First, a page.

EL PASO, Texas (Border Report) – The White House on Monday defended its decision to exclude “dictators” from a hemispheric forum on key issues such as migration, which in turn caused other leaders – most notably Mexico’s Andres Manuel Lopez Obrador – to stay home.
“You need to do a lot of preliminary work, political and diplomatic, to create a consensus so that when you come to a meeting, you’re essentially making pronouncements and announcing accords,” said Tony Payan, director of the Baker Institute of Public Policy U.S.-Mexico Center at Rice University. “It seems to me that is not the case. The Biden administration was not able to convince a lot of leaders to show up.”
White House Press Secretary Karine Jean-Pierre acknowledged the president of Mexico – a key partner in America’s migration control efforts – would not be coming but said the gathering will still yield results on economic development, immigration, climate change, food insecurity and health.
“You can expect to see deliverables in those areas by the President and other members of his Cabinet relating to those focus areas,” Jean-Pierre said at a news briefing.
Lopez Obrador and a handful of other Latin American heads of state are upset that Biden cut off the leaders of Cuba, Nicaragua and Venezuela from the summit.
The press secretary brushed aside suggestions the absence of Lopez Obrador and Honduras’ Xiomara Castro will reflect badly on Biden’s leadership in Latin America. Both leaders are still sending their foreign ministers to the gathering.
“The U.S. remains the most powerful force in driving hemispheric actions to address core challenges facing the people of the Americas […] and so the president continues to be a leader in the hemisphere,” Jean-Pierre said.
The first summit took place in Miami in 1994. President Trump skipped the last one in Chile in 2018.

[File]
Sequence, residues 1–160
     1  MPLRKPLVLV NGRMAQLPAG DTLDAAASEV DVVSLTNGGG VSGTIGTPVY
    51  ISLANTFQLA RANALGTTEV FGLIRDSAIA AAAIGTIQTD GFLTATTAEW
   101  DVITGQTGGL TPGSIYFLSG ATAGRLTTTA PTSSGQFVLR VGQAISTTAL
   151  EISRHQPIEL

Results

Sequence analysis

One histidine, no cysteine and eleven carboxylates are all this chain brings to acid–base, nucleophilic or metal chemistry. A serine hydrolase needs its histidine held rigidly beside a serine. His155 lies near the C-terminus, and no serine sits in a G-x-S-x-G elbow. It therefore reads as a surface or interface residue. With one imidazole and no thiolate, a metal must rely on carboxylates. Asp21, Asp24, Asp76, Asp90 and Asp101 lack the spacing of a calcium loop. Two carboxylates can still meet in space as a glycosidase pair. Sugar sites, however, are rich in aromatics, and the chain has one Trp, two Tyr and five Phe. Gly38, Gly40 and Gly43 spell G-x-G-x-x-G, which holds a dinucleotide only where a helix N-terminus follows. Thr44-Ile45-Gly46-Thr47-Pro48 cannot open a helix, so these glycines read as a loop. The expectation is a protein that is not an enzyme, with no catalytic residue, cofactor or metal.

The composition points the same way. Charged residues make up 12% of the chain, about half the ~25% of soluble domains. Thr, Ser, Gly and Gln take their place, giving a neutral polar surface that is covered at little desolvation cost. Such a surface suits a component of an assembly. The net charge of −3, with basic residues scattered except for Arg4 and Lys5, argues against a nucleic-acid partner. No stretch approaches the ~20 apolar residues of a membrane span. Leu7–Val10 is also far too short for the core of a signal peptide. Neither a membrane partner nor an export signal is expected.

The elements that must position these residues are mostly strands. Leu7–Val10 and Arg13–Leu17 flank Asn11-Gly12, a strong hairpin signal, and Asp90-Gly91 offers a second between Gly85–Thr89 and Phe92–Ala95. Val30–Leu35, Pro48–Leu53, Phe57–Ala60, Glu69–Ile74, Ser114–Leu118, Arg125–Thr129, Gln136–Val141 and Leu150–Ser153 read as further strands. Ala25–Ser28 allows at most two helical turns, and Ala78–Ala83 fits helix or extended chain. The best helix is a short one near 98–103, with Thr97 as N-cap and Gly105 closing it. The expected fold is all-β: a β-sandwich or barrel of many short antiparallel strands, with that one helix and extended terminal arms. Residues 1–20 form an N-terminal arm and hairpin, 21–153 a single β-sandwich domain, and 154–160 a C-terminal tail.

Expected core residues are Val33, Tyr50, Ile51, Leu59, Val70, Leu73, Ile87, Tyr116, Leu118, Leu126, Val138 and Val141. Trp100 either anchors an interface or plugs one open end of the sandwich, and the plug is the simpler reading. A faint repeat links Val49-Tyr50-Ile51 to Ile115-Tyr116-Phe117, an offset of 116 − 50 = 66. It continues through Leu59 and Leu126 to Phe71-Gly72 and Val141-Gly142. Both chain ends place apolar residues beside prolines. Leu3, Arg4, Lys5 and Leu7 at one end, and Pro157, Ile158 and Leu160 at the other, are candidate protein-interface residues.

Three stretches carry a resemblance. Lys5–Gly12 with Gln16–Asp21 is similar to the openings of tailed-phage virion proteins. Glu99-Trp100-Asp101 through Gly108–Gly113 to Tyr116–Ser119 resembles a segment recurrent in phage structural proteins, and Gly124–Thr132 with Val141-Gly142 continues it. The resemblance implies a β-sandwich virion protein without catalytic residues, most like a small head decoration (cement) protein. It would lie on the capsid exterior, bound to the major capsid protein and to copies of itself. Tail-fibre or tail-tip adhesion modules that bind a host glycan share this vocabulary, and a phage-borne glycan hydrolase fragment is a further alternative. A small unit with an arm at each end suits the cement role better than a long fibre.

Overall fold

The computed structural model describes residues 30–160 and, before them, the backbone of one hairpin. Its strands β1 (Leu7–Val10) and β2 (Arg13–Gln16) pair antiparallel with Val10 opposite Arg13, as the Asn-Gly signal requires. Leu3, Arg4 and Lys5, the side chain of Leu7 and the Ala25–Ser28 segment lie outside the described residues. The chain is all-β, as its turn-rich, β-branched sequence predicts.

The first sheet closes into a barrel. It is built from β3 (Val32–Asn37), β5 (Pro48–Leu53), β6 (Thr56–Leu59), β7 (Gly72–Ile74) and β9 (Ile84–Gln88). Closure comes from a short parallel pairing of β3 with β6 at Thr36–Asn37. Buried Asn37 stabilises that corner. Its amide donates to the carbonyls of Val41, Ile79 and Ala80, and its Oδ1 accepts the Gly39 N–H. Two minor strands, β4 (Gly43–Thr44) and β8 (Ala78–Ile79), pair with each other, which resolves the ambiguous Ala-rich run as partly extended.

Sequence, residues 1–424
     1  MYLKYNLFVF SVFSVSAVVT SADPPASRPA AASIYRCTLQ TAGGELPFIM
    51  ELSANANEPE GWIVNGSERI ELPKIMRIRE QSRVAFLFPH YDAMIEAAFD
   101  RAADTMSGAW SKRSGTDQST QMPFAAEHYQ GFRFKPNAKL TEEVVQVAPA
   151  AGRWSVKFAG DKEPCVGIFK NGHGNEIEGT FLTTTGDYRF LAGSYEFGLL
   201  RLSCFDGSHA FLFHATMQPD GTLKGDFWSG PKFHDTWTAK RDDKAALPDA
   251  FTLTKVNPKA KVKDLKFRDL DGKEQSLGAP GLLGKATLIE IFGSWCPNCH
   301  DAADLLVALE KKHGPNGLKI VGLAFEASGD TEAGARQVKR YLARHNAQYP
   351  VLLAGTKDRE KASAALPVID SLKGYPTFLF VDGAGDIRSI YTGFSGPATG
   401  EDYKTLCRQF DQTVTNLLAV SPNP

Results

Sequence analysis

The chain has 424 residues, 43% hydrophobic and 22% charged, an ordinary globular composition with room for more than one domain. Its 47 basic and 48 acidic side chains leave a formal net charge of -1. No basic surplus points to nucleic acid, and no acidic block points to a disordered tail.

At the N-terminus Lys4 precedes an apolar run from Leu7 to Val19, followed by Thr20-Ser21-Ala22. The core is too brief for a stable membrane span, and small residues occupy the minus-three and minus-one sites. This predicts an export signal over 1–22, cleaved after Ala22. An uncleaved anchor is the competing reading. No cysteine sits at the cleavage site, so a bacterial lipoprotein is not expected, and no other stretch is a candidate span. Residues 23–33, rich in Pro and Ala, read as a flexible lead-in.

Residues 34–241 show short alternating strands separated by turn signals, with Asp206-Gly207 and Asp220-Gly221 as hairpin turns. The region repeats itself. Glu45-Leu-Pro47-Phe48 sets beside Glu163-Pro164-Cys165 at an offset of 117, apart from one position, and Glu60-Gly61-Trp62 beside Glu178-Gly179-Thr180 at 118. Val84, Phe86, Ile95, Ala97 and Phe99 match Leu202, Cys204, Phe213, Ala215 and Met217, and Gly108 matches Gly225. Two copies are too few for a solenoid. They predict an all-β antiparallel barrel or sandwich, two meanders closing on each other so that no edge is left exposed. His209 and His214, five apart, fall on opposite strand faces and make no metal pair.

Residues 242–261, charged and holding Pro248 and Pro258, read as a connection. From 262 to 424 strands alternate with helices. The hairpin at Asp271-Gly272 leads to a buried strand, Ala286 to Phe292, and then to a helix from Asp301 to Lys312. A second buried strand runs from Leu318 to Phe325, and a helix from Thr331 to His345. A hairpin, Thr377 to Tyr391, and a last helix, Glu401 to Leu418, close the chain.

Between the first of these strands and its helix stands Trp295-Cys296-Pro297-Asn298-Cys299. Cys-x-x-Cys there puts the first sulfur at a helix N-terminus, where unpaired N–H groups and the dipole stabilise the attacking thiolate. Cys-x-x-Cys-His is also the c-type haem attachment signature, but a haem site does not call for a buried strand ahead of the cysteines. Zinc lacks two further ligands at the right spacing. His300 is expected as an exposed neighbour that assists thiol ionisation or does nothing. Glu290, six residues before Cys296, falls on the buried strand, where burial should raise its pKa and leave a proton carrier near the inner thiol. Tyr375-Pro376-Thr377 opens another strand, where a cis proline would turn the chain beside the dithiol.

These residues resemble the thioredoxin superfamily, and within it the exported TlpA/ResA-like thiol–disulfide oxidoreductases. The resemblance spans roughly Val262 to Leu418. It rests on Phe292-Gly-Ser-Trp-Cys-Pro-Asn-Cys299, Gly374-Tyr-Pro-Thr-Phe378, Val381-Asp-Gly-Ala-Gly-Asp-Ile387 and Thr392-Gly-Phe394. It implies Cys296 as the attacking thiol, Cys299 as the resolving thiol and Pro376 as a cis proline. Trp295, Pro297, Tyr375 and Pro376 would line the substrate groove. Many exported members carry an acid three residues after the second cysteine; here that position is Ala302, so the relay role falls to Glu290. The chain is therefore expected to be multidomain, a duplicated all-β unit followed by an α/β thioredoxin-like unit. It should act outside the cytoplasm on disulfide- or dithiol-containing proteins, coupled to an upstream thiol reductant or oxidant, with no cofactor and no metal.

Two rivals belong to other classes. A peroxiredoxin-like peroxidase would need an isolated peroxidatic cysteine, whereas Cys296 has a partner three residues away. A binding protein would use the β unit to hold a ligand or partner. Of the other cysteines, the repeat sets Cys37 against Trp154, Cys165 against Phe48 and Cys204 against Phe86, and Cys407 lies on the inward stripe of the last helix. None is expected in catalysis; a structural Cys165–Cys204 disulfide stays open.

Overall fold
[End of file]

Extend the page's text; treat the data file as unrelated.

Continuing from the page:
Payan said Biden wants to reassert an image of leadership in the hemisphere but faces major challenges.
“Latin America is a very fragmented continent, an amalgamation of countries that differ considerably among themselves. Agreeing to any single direction on any one issue is difficult. […] I don’t really expect a lot to come out,” he said. But “pulling the plug on the summit is more embarrassing than putting it together as is.”
To have the leaders of the Western Hemisphere in one place is an opportunity to address social inequities and the root causes of migration, said Oscar Chacon, cofounder and executive director of Chicago-based Alianza Americas. But with exclusions and no-shows, it may not be representative of the region, he said.
“There are at least three critical ideas that I am afraid are going to be missing. Even before COVID, Latin America was regarded as the most unequal region in the world in income and wealth distribution. People work hard but what they make isn’t enough,” Chacon said. “We also see examples of how democracy is not working like it’s supposed to. Governments are becoming authoritarian, and people are losing hope that by voting for candidates of conventional parties their problems are going to be solved.”
And few governments in the hemisphere are looking seriously at climate change, he said. “Climate change is advancing very quickly, causing uncertainty in the Caribbean Basin, the Southeastern United States, Mexico, Central America and Northern South America. There will be superficial conversations of what we are to do. We tend to look at symptoms, but not root causes,” Chacon said.
He also worries that a rumored migration “deliverable” might be heavy on enforcement commitments from partners like Mexico, Colombia and Panama, but light on addressing the root causes of poverty, insecurity and corruption that prompt people to head north to the U.S.
That’s because Biden might be pressed to demonstrate he can control migration as the “election show” in November nears, he said.
But Ted Piconne, chief engagement officers at the Washington, D.C.-based World Justice Project, cautioned against expectations of quick solutions.
“It’s not a question of what happens at the end of the week or at the end of the year. It’s a long-term process just trying to get governments on the same page,” he said.